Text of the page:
Embroidery and weaving have had a very long tradition in Mexico, but as with a lot of traditional cultures fewer and fewer members continue to wear these indigenous fabrics as part of their everyday life. Whilst the adornment of the traditional costume may have faded the women continue to embroider and sell these traditional items, and the colourful prints and embroidery of the Mexican indigenous population of the Otomi Tribe is evolving from traditional dress to some beautiful vibrant homewares.
The Otomi textiles are handcrafted by the Mexican Otomi Indians out of muslin fabric and bright embroidery. The colours are striking and certainly serve well to give even the most neutral of rooms a simple lift of colour and vibrance.
The Paulina Pendant and the Hunter Lamp (below) from Straydog Designs are all hand crafted. The shade is made up of Fabric embroidered by the Otomi Indians which covers a wire cage. Due to it’s hand made nature every shade will be different making them fabulous individual pieces of art. The finial hanging down on the pendant light is handcrafted papier mache that has been partly gold leafed.
The distinctive fabric can be used to create cushions, bedspreads, upholstery, and despite the vibrance of the colours it does not look over the top or imposing. Just enough to brighten up for the summer months or bring a little sunshine to the winter months. Here are some ideas.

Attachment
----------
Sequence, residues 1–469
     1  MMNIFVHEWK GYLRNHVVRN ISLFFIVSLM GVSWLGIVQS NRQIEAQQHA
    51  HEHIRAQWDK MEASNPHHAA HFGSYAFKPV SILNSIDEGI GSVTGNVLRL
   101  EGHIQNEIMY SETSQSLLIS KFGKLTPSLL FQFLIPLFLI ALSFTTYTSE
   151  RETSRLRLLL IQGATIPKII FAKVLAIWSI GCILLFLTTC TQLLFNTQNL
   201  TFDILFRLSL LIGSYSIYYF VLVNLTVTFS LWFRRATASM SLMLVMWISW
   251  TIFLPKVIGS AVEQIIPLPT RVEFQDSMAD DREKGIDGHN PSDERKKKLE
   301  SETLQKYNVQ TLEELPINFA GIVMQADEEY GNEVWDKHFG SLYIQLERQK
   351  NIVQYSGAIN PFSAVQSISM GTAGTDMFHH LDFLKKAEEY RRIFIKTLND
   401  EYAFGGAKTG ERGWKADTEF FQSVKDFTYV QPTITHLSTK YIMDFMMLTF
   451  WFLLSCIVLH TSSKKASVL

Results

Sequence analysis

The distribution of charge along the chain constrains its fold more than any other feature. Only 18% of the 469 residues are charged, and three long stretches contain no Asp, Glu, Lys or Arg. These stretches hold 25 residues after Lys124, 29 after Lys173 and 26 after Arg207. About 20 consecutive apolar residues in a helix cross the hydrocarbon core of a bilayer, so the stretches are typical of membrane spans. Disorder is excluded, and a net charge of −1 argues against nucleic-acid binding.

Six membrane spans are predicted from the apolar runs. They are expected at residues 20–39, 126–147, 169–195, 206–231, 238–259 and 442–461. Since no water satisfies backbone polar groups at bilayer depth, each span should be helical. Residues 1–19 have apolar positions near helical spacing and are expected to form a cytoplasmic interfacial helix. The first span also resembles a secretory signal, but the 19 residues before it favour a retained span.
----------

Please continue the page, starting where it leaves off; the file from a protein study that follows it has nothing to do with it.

Or for those who prefer a little less effort a bedspread or throw may be just the Salsa. Also available at EcoChic. They are not cheap but bear in mind that these take up to three months to make by hand in Mexico so really they are a bargain when you think about the care and talent that has gone into them.
My favourite has to be this teal!
New York based Jacaranda Home, with the aim of keeping the Otomi tradition alive, sells this beautiful fabric. As you can see the fabrics come in all colours even more subdued neutrals to give you the pattern without the pop!
A little extra
Here are some other ideas of how you can incorporate this traditional print and fabric into your home or space.
Add a little colour to a plain and cheap chest of drawers, perfect for a kids room or nursery. It would go well with the minimalist Scandinavian look as well (nothing wrong with mixing up the cultural influences!). Or Peter Gilroys hand crafted stools, available on etsy.
A little preservation…
For those interested in the organisations looking to preserve such traditional textile methods you may be interested to read more about the work of the Mexican Indigenous Textile Project which was established to preserve the traditional textile industry of Mexico. They also sell a lot of the fabrics on ebay.